Branching Time and Abstraction in Bisimulation Semantics
Rob van Glabbeek & Peter Weijland
Centrum voor Wiskunde en Informatica
Postbus 94079, 1090 GB Amsterdam, The Netherlands
Original December 1990; Updated January 1996
In comparative concurrency semantics one usually
distinguishes between linear time and branching time semantic
equivalences. Milner's notion of observation equivalence is often
mentioned as the standard example of a branching time equivalence. In
this paper we investigate whether observation equivalence really does
respect the branching structure of processes, and find that in the
presence of the unobservable action t of
CCS this is not the case.
Therefore the notion of branching bisimulation equivalence is
introduced which strongly preserves the branching structure of
processes, in the sense that it preserves computations together with
the potentials in all intermediate states that are passed through,
even if silent moves are involved. On closed CCS-terms branching
bisimulation congruence can be completely axiomatized by the single
a.(t.(y + z) + y) = a.(y + z)
(where a ranges over all actions) and the usual laws for strong congruence.
We also establish that for sequential processes observation
equivalence is not preserved under refinement of actions, whereas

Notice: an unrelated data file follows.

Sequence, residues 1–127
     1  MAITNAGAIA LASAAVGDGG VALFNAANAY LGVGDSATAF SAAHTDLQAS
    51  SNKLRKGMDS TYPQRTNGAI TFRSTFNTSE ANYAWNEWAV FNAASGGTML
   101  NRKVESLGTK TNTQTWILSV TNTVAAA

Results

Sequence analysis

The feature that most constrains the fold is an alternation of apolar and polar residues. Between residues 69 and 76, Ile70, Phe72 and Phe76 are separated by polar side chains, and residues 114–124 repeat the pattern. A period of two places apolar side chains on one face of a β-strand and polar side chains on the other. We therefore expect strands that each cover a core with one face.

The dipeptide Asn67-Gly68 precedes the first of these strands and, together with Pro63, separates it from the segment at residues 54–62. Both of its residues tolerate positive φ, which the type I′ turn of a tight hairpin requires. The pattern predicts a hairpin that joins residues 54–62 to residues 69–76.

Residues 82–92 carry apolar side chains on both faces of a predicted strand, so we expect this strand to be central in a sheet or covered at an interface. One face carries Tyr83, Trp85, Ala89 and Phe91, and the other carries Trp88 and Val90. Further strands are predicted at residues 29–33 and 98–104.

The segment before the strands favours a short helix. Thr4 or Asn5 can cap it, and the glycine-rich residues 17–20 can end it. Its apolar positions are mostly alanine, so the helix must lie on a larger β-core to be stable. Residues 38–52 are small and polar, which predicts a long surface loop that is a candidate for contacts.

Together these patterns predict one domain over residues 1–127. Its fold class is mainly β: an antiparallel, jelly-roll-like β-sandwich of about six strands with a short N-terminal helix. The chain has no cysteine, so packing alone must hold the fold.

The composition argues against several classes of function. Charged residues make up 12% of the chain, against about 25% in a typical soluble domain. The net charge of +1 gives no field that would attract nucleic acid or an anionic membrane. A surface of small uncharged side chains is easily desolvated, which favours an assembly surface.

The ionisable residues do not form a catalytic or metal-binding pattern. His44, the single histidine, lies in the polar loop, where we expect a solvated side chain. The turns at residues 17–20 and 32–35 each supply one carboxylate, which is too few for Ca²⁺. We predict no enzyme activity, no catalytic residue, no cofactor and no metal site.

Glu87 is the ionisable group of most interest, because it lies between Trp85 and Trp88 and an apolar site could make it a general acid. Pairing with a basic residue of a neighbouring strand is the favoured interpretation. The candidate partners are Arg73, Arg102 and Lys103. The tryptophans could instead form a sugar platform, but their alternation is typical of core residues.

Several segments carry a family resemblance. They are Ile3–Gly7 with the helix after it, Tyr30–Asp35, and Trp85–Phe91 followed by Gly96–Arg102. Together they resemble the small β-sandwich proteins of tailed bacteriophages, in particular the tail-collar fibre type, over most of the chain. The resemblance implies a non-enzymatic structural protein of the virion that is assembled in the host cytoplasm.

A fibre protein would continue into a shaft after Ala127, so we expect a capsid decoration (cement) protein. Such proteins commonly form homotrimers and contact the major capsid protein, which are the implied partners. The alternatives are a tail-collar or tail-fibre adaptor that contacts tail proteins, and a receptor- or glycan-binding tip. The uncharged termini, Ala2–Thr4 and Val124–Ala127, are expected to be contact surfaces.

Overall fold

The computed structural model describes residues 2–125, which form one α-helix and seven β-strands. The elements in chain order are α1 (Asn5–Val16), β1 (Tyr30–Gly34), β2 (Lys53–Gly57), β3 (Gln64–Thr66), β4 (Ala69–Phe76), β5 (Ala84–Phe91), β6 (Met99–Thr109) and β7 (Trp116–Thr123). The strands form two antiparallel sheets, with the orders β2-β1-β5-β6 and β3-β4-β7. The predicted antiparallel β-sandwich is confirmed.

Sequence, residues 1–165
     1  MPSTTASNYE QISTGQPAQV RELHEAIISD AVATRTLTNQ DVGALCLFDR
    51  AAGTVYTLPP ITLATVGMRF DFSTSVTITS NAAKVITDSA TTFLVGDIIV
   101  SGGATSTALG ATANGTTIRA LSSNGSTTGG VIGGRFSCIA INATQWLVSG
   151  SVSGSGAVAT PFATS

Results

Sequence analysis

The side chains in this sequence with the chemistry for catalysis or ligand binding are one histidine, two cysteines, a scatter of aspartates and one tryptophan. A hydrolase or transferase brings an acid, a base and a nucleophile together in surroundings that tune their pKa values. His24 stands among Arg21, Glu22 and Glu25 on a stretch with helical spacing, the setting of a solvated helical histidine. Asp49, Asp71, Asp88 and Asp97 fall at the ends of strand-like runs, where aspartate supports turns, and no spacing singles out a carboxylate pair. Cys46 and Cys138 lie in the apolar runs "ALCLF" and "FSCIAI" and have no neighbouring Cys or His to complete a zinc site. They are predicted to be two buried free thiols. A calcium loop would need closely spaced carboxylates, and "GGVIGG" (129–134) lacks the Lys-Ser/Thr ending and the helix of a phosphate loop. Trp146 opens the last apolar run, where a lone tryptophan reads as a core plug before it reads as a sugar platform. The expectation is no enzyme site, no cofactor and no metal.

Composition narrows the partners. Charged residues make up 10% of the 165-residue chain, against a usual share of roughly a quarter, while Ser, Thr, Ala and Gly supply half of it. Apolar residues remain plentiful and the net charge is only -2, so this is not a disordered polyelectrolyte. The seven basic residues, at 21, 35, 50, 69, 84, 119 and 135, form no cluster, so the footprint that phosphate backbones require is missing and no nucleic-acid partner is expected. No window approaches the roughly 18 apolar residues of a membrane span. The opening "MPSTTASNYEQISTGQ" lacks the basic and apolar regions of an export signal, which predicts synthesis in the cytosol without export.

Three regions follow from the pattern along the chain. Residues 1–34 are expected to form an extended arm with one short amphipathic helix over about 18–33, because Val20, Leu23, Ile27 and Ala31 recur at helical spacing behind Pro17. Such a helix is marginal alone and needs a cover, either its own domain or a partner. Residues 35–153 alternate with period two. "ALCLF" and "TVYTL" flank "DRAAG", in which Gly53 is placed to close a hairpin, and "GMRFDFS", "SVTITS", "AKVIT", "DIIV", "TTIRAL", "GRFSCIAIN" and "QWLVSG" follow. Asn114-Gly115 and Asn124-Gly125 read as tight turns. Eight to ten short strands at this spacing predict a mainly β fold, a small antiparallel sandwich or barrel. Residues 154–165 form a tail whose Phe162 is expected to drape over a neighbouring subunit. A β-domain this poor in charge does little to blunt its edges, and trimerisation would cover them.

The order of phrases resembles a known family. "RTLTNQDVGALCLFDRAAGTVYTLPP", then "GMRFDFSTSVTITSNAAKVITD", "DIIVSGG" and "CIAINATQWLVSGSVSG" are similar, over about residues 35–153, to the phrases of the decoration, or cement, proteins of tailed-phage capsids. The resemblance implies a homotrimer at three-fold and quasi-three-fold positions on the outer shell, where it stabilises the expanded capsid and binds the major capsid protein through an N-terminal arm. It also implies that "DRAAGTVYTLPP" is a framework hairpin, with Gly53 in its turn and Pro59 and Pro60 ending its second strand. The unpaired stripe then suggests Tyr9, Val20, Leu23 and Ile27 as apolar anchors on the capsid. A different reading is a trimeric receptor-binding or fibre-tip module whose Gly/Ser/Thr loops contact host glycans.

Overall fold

branching bisimulation is.
For a large class of processes it turns out that branching
bisimulation and observation equivalence are the same. As far as we
know, all protocols that have been verified in the setting of
observation equivalence happen to fit in this class, and hence are
also valid in the stronger setting of branching bisimulation
Key words & phrases: Concurrency, process algebra, semantic
equivalences, abstraction, bisimulation, branching time, action refinement.
1980 Mathematics Subject Classification: 68B10, 68C01, 68D25, 68F20
1985 Mathematics Subject Classification: 68Q55, 68Q45, 68Q10, 68N15
1987 CR Categories: F.3.2, F.4.3, F.1.2, D.3.1.
Version management: An extended abstract of this paper appeared
as VAN GLABBEEK & WEIJLAND(1989a).
The sections on branching and abstraction, congruence and axioms
partly appeared in WEIJLAND (1989), and the section on refinement as
VAN GLABBEEK & WEIJLAND (1989b).
The full paper first appeared as Chapter III of
VAN GLABBEEK (1990a) and in a slightly extended form as
VAN GLABBEEK & WEIJLAND (1990).
An updated and further extended version appears in
the second edition of VAN GLABBEEK (1990a). A further updated
version, but lacking an historical note, a digression about
deadlock and termination in BPA, CCS and ACP, and complete
axiomatizations also for BPA and ACP, appeared in the
Journal of the ACM 43(3), 1996, pp. 555-600.
This hypertext document displays part of this last version.
A PDF-file of the entire document is available for JACM subscribers
from the ACM portal.
Support: The research of the authors was supported by ESPRIT
project 432 (METEOR). The first author was also supported by
Sonderforschungsbereich 342 of the TU München, by the ESPRIT
Basic Research Action 3148 (DEMON) and by ONR under grant number
N00014-92-J-1974; the second author by ESPRIT project 3006 (CONCUR).
This paper was finalized when the first author
was employed at the Technical University of Munich and updated when he
was employed at Stanford University. The current (1996) affiliations
of the authors are:
R.J. van Glabbeek, Computer Science Department, Stanford University,
Stanford, California 94305, USA. firstname.lastname@example.org.
W.P. Weijland, PTT Telecom, Postbus 30150, 2500 GD Den Haag, The
Acknowledgement: We thank the JACM referees for their many insightful
Rob van Glabbeek